My adventure racing story, solace for fellow beginners

I’m a pretty regular attendee at a Friday exercise class. Recently, the teacher let me pick the class agenda. My choice: a circuit. Why? Because the variety of exercises and equipment keeps it interesting.

In the outdoors, as at exercise class, I’m all about mixing it up. I like to backcountry ski one day, cruise groomers via chairlifts the next, and then top off the week with a skate ski.

And, yes, this does mean my husband and I own a semi-ridiculous quiver of skis.

Garage Grown Gear - Quiver of Skis - Learn to Adventure Race

The summer is no different. On any given day, I might be found trail running, mountain biking or packrafting. Not to mention the fact that I’m also totally equipped to go backpacking and rock climbing as well.

My favorite days are when I link multiple sports together. And the true cherry-on-top days are when I figure out how to link winter and summer sports into the same day, such as when my friend and I did a bike-ski in Grand Teton National Park one April.

Adventure Racing for Beginners - Amy Hatch - Garage Grown Gear

Add to that a totally unheard-of, off-the-beaten path wilderness route, and I’m in pure paradise.

My background is in ultrarunning, with a handful of finishes at 50 and 100 mile races. So it’s fair to say I have an endurance mentality. (Is that a hospital-corners way to say I’m a glutton for punishment?)

Leadville100 - Amy Hatch - Garage Grown Gear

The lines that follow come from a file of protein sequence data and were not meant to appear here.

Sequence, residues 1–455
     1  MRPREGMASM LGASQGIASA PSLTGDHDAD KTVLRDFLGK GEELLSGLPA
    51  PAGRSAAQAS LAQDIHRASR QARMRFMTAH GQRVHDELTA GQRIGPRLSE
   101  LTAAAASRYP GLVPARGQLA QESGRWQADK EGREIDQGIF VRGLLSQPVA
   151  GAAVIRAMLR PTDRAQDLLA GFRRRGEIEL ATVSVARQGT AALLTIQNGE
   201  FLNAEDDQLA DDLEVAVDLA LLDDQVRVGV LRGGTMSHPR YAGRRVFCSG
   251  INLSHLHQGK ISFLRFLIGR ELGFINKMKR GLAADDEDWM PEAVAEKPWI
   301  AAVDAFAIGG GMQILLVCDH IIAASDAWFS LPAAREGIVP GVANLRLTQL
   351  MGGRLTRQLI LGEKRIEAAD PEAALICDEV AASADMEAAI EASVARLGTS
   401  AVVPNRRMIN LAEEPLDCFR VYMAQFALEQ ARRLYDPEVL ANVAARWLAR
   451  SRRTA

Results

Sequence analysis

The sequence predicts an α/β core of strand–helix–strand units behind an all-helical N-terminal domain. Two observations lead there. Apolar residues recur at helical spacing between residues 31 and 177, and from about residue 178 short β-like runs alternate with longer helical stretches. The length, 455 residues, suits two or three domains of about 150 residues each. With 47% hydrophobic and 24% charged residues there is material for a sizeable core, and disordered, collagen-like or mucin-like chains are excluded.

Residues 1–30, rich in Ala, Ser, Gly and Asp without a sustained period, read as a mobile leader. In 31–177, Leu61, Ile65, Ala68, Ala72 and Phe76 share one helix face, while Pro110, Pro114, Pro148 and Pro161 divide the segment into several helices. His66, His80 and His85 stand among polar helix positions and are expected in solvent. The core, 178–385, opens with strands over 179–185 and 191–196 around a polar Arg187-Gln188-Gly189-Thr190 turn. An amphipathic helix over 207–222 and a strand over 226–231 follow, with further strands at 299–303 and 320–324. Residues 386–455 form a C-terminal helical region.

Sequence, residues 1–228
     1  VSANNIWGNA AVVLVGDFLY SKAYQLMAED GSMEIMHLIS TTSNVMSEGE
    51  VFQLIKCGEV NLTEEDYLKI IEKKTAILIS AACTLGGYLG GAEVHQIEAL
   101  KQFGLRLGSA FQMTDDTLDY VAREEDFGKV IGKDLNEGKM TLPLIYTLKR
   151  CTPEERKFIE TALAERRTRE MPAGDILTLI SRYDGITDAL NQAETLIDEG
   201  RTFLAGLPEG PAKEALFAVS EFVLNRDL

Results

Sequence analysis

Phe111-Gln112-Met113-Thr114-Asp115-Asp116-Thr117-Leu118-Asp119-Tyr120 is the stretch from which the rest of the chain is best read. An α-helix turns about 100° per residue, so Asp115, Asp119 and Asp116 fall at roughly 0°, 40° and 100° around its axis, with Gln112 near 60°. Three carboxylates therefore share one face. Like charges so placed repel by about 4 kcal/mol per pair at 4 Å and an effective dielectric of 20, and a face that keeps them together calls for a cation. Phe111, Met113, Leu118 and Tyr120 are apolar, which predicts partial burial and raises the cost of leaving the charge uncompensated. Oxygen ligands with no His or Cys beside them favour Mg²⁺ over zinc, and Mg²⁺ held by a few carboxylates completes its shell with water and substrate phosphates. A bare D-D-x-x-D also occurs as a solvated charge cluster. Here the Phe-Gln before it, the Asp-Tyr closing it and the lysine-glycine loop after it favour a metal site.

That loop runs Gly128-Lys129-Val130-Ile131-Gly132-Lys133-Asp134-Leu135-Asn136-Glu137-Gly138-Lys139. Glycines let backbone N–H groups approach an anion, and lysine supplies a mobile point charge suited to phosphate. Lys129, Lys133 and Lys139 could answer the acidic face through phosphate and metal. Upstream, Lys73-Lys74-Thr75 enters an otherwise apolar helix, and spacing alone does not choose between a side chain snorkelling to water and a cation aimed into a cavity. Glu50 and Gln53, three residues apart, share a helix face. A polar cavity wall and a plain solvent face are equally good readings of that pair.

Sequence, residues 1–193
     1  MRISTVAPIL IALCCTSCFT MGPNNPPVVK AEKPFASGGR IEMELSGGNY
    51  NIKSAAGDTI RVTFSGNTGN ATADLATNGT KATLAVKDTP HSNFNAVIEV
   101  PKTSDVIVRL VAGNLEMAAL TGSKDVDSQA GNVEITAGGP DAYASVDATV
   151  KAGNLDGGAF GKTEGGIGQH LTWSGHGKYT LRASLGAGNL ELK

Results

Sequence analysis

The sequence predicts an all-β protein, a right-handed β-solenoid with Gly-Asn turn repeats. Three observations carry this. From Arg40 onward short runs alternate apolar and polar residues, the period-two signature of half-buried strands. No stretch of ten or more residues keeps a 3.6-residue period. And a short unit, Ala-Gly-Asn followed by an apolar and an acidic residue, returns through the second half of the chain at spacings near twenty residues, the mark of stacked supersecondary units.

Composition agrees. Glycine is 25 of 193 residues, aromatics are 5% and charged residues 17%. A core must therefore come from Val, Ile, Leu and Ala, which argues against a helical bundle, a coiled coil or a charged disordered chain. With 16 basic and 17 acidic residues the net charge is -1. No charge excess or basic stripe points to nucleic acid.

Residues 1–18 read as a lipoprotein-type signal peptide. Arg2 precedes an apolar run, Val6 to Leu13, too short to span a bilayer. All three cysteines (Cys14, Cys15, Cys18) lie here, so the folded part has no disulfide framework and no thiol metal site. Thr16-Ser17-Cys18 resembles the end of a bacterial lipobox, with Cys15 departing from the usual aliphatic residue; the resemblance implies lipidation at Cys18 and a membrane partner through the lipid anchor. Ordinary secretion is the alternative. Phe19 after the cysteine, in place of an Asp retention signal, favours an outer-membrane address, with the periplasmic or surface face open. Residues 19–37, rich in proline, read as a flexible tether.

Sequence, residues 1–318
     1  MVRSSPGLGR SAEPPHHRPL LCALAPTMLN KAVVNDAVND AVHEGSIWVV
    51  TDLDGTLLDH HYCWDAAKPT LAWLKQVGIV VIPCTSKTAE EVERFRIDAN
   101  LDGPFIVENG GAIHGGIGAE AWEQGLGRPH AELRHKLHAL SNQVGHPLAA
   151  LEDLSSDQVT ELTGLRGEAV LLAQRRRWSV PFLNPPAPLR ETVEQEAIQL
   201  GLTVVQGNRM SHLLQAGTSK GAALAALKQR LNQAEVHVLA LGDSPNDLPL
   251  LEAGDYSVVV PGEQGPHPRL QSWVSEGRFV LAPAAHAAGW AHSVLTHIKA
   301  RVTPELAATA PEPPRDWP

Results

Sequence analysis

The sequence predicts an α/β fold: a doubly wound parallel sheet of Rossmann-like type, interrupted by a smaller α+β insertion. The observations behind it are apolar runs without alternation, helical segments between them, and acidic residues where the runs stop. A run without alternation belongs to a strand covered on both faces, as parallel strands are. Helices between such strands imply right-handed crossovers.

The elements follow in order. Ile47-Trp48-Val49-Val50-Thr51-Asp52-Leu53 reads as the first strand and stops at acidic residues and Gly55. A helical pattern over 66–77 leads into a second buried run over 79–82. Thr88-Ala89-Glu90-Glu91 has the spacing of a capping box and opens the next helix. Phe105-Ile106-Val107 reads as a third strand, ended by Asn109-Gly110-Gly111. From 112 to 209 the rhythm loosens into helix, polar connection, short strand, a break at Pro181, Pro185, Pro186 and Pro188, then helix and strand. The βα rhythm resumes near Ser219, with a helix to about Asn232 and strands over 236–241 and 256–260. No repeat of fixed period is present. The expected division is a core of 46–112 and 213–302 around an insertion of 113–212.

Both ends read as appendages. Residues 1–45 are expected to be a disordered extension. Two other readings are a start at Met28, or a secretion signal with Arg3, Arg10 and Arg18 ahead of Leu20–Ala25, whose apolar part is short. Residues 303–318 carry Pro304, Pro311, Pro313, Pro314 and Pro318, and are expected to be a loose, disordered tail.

All of this, I fear, makes me an ideal candidate for adventure racing. And, so, this summer, in the spirit of living life to the fullest, I’m signed up for:

The Adventure Xtreme race in Buena Vista, Colorado, in May

The Teton Ogre Race in Driggs, Idaho, in June

The Casper Strong Full Day Adventure Race in Casper, Wyoming, in July

For those of you unfamiliar with adventure racing, it’s essentially a hodgepodge of sports, challenges and terrain often done in teams. For example, on the website for the Casper Strong Full Day Adventure Race, I’m quite kindly informed that supplied gear includes: inter tubes, firearms and ammo. (But I have to bring my own mountain bike, running shoes and water bottle).

I’m not going to lie. I love the fact that I now have to go learn how to shoot a gun, because, yes, I’ve never shot one before. The challenge of trying new things is the beauty of these types of events.

But I’m also a little daunted. My chief fears are managing transitions, team dynamics and training time.

I’ve never been very good at quickly switching between activities. When backcountry skiing, for example, I feel like I’m always last to get my skins peeled off, my boots buckled and my belly full.

Team dynamics are tricky because it completely changes the game when you’re dealing with other’s abilities and mindset, as well as your own. I imagine sometimes the team approach inspires best effort and at other times it could cause everything to disintegrate.

My concern about training time has to do with the fact that adventure racing is squarely priority number three for me. My family is my first priority and my two businesses, and Jackson Hole Packraft & Packraft Rentals Anywhere, clock in second.

But where there is a will there is a way. This past weekend my husband and I snuck down to Pocatello, Idaho for early season mountain biking. It was part romantic getaway, part training weekend. (We highly recommend Lava Hot Springs after a day on the trail).

Adventure Racing for Beginners - Pocatello Mountain Biking -

Adventure Racing for Beginners - Pocatello Mountain Biking - - Web (5)

As my bike tires once again looped and rolled down rocky trails, I felt a flood of excitement about the race season ahead, whatever it may bring.

What are your tips on adventure racing for beginners? (I’ll take all the help I can get).  


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